I was really looking forward to this book. I've heard nothing but rave reviews about it from several bloggers, and it held a theme that I could easily relate to: being saved by music. I've had my fair share of teen angst, and feeling like I didn't 'fit in' with a particular group. Even though Elise's friend/school situation is much more dire than mine ever was, I could still sympathize with her struggle to fit in. Unfortunately, I was a little disappointed by this one, and most of it stemmed from Elise's character. We know her to be the butt of every joke since elementary school, the perpetual outcast that only has two friends who sit on the very outskirts of the cafeteria circle. Everyone else in the school is out to get Elise and make her life miserable. This is why I was so surprised to read Elise as such a judgmental character. She judges her two friends for being so unpopular and lame, even though they are very sweet to her. She judges her father's attempts of 'staying young' with his one-hit-wonder rock band from the seventies. She judges her classmates and their interests very harshly. Her cynicism makes sense given her being the brunt of her classmates torture, but it was disappointing, especially, to see her being harsh to those who love her and were there for her. For some reason, I also had a hard time believing that EVERY single student in her high school hated her and was out to get her.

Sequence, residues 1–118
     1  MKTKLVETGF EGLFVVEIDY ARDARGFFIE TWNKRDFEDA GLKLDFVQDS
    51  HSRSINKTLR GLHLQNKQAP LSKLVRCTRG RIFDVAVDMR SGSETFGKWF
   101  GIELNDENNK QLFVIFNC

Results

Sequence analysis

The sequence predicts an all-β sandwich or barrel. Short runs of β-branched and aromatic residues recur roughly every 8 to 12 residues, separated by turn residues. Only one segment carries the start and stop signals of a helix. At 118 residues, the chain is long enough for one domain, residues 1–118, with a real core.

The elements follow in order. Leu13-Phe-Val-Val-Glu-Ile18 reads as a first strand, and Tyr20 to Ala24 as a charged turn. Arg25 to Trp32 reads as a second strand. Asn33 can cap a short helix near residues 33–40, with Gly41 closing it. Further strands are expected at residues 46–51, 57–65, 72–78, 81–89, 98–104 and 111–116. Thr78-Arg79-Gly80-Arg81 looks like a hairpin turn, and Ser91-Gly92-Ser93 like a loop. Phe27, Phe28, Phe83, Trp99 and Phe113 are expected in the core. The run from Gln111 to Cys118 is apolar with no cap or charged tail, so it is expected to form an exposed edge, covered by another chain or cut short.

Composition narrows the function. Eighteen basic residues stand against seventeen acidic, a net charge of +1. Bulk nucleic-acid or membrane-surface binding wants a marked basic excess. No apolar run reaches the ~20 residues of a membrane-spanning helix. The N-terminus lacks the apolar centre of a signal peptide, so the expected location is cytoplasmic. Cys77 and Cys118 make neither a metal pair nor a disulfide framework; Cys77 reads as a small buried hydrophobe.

School was normal, which is to say soul-crushingly depressing. I sat in class and wrote the lyrics to "Dancing in the Dark" in my best cursive handwriting in the margins of my notebook. I imagined Vicky sweeping into the room, with Pippa stalking in behind her on four-inch heels, and announcing to the class, "Elise is with us! None of you appreciate her, and you don't even deserve her. Elise, it's time. We are here to take you to your real life. You have suffered long enough through this one, but this was only a test, and the test is over now." And then I would rise to my feet and join hands with them, and together we would run off into the sunset.